BOSTON (MainStreet) Having women on its board is a good way for a business to safeguard itself against financial losses and takeovers. At least, that's the conclusion of a study by the University of British Columbia's Sauder School of Business.
The study found that the more women there are on a corporate board, the less that corporation pays for each acquisition an average of 15.4% with each female director added. Each additional female board member also reduces the number of that company's attempted takeover bids by 7.6%.
"Female board members play a significant role in mitigating the empire-building tendency of CEOs through the acquisition of other companies." said Sauder finance professor and co-author of the study Kai Li in a press release. "On average, merger and acquisition transactions don't create shareholder value, so women are having a real impact in protecting shareholder investment and overall firm performance."
According to the researchers, the results suggest women are more cautious about and therefore less likely to pursue risky transactions; they need to be guaranteed a higher return on investment before they will partake in a deal.
"Our findings show that the prudence exhibited by women directors in negotiating mergers and acquisitions has had a substantial positive effect on maintaining firm value," Li said in the press release. "This finding adds fire and force to recent calls to mandate a minimum number of women on the boards of publicly traded companies."
The study's findings, in the upcoming Journal of Corporate Finance, were the result of an analysis of a large sample of acquisition bids made by S&P 1500 companies in the United States between 1997 and 2009. To determine the cost of the acquisitions, researchers examined the difference between the final price offered for the company and the stock price of the targeted firm before the deal was signed otherwise known as the "bid premium." The bid premium was correlated to the number of women directors on the various boards.
The Sauder study adds to an already ripe discussion on the need for more women board members.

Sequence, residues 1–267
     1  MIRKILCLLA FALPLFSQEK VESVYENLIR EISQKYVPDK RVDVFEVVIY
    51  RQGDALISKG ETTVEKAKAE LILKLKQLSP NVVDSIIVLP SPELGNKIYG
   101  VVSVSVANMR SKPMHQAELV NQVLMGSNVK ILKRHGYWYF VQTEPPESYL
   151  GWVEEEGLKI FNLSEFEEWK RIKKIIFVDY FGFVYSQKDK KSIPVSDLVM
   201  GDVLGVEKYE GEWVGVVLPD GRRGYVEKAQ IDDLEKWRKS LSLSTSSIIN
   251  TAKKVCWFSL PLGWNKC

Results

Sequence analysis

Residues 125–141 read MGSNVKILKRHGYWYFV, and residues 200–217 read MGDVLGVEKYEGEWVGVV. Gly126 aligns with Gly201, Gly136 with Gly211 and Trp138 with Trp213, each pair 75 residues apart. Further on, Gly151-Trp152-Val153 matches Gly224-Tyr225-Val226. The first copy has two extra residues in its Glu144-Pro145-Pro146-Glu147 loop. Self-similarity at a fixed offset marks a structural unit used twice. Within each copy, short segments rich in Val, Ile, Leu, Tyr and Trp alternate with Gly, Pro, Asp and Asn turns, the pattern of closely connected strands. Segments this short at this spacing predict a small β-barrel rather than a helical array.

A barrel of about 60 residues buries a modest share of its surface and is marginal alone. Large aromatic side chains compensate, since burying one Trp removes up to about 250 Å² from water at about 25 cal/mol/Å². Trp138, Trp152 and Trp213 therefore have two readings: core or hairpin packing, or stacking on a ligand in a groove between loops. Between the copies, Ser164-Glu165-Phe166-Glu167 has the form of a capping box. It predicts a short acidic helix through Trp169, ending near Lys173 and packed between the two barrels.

The Washington D.C.-based Committee for Economic Development released its own report last year criticizing the stagnation of female representation in U.S. boardrooms. The report lamented that women make up only between 11% to 12% of corporate board members the same as a decade ago.
"Ignoring half the population in places of corporate governance forces companies to play with only half of the deck and miss out on high-potential board members," Forbes contributor Kate Taylor wrote last year. "Women at the top allow greater representation and draw for women in the workforce and better outcomes for their companies."
The Sauder study is also not the only one supporting the theory that companies with more women on their boards and in other high positions are more successful than less gender-diverse counterparts.
A study by Catalyst released in 2007 found that Fortune 500 companies with the highest percentage of female board members outperformed significantly companies with low ratios of women: by at least 53% on equity, 42% on return of sales and 66% on return on invested capital. When updating its research in 2011, Catalyst found a 26% difference in return on invested capital between companies that had 19% or more women on their boards compared with those that had none.
The consulting firm McKinsey & Co.'s Organizational Health Index also indicated that companies with three or more women in top positions scored higher than other companies and in turn generally exhibited superior financial performances compared with those lacking strong female representation in high positions, including on the board of directors.
Some critics have called the findings overstated.
"The economic case for gender quotas is ... shakier than its advocates seem to realize," wroteChristina Hoff Sommers on the McKinsey and Catalyst studies for The Atlantic back in May. "Neither study has established causation: More female directors could be a consequence, rather than a cause, of business success."
In considering such criticism, Li noted, "This is always the challenge in our empirical analysis, whether we identify a causal relation that is, the presence of female directors leads to better deal outcome or simply association."
But Li says most biological and sociological evidence supports that women are less overconfident than men, which can be an asset that plays a direct role in a company avoiding a potentially problematic merger or business deal.
"Women view the future cash flows associated with a takeover target to be lower than men see it," Li said. "Women also expect the future is more uncertain, so they call for higher discount rates for those future lower cash flows. Both effects together make women directors view takeover target firms to be less attractive, prompting women directors to recommend making fewer deals and, conditional on making a deal, paying a lower premium."